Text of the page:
UK-based security consultant Thomas Cannon has identified a serious security flaw in Google's Android operating system. The exploit works on all versions of the platform, and could allow an attacker to view, and copy files from a device's SD card. Some of the important details are being held back by Cannon so Google has a chance to fix the exploit, but we do have an idea how it works.
This is not, as far as anyone knows, being actively exploited anywhere. There are some apps that always store important files in identical directories when installed, so it is possible an attacker could know where some files are kept. It is unclear what Google will do about this. All Android phones are affected. Will manufacturers and carriers be willing to push out updates even for older phones?
An upcoming Linux kernel patch has Linux patriarch Linus Torvalds very excited about the huge performance boost it promises. His enthusiasm is not unfounded either. The 233 line patch by Linux kernel developer Mike Galbraith punches way above its weight by reducing maximum desktop latency by over ten times and average latency by a factor of 60, paving the way for a faster, more responsive desktop experience.
“Yeah. And I have to say that I'm (very happily) surprised by just how small that patch really ends up being, and how it's not intrusive or ugly either. It's an improvement for things like smooth scrolling around, but what I found more interesting was how it seems to really make web pages load a lot faster,” Torvalds said in an email.
“So I think this is firmly one of those "real improvement" patches. Good job. Group scheduling goes from "useful for some specific server loads" to "that's a killer feature".
According to Linux-centric site Phoronix, the wonder patch has been designed to “automatically create task groups per TTY in an effort to improve the desktop interactivity under system strain.” As the Linux 2.6.37 nearing a second release candidate milestone, users will have to wait until 2.6.38 to tap into the huge speed boost.
Meanwhile, you can watch the two demo videos Phoronix posted to elucidate the tremendous performance boost this scheduler patch provides.
Talk about knee-jerk reactions. Samsung's Galaxy Tab is really the only viable Android tablet on the market, and though plenty more will follow, some are already calling the platform a failure. Really?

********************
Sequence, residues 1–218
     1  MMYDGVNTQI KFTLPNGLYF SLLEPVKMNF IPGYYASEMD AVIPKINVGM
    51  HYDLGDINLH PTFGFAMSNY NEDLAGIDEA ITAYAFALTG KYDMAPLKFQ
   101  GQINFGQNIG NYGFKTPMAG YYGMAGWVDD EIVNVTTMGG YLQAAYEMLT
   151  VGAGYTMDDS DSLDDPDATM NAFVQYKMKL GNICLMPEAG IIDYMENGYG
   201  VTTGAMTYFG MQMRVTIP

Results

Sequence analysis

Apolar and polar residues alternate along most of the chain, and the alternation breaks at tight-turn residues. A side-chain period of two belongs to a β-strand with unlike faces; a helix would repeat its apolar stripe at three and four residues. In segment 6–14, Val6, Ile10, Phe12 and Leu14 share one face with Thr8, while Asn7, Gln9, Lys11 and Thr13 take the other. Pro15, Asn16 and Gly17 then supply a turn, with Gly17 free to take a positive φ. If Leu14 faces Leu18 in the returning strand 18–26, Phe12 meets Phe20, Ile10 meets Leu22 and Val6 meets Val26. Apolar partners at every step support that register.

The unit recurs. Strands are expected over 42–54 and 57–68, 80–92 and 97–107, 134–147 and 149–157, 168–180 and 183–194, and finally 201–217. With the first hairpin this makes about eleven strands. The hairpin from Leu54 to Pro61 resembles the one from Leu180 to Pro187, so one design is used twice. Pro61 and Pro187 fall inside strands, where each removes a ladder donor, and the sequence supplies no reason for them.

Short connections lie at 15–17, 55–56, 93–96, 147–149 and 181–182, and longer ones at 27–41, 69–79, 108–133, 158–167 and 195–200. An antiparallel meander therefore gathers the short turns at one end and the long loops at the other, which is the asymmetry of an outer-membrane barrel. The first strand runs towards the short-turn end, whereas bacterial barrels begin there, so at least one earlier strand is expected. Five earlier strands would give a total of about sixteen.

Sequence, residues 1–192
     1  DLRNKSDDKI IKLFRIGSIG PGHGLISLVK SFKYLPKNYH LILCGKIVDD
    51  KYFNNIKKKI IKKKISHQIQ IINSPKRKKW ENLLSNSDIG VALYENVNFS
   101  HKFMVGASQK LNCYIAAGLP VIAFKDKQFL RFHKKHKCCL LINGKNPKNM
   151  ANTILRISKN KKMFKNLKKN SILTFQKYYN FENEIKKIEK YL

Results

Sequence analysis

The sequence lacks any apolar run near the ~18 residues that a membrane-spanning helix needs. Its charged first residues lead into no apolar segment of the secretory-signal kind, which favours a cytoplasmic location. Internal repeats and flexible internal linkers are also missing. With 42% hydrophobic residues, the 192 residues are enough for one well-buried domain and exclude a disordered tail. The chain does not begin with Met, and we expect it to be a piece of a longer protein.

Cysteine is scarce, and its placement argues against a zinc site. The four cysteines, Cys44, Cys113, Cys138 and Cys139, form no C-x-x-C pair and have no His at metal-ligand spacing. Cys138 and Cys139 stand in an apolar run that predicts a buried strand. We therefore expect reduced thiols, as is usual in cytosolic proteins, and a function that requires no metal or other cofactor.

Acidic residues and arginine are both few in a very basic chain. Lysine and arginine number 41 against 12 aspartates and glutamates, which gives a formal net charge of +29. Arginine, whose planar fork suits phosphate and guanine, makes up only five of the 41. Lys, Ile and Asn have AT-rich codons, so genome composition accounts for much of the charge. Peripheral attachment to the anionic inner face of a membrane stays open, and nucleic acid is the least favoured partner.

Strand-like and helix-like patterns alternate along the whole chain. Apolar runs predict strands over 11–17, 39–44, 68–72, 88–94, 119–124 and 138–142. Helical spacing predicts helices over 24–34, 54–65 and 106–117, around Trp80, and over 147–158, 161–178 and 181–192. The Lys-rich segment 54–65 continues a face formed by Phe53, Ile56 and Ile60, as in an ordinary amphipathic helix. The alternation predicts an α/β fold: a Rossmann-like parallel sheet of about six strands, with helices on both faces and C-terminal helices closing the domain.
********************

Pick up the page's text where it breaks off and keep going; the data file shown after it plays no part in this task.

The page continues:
After spending some hands-on time with the Galaxy Tab and the Maylong M-150, ZDNet's Larry Dignan proclaimed that "Android tablets are a big FAIL" in all caps, a sentiment echoed by Dana Blankenhorn, also with ZDNet.
"I agree with Larry Dignan. Android tablets are a failure," Blankenhorn blogged. "This follows the growing awareness on the part of cognoscenti that Android phones are not open source at all, but carrier crapware. Android as a whole is being seen as a failure."
We don't agree, and neither do the numbers. And if we're discussing smartphones, let's not forget that Android jumped ahead of Apple's iOS in third quarter market share, partially the result of having so many different devices to choose from, whereas Apple offers variations on only one -- the iPhone.
In the tablet space, it's far too early to declare Android a failure. The Galaxy Tab has received mixed reviews so far and doesn't look like it's going to take down the iPad, but did anyone really expect as much from an Android 2.2 device? Despite all the hype surrounding tablets and the holiday shopping season now under way, many companies aren't even bothering releasing an Android 2.2 slate, instead choosing to wait for version 3.0, which is supposed to be much more tablet-y.
What's your take on all this? Do you agree that Android tablets are a failure, or is that just crazy talk at this early stage? Hit the jump and sound off!
Red Hat Enterprise Linux 6 is now available, the open source software developer announced on Wednesday. The much anticipated latest release of Red Hat's flagship operating system introduces hundreds of technical feature enhancements and additions including:
A highly optimized application platform for large-scale, centrally managed enterprise deployments
Enhanced efficiency with the latest generation of highly scalable hardware systems
Industry-leading virtualization performance, flexibility, and security for both host and guest environments
Extensive support for features designed to minimize ecological impact and carbon footprint of IT systems
A platform suitable for long-term, stable deployment while able to incorporate new technologies for physical, virtual, and cloud deployments
More information and pricing info can be found here.
The free, multi-platform 4.4BSD-based Unix-like operating system known as OpenBSD has been updated to version 4.8 and is now available.
This latest version introduces a boat load of new features and fixes, including improved hardware support, file system mid-layer improvements, generic network stack improvements, changes to the install/upgrade process, a ton of bug fixes, and a whole bunch more.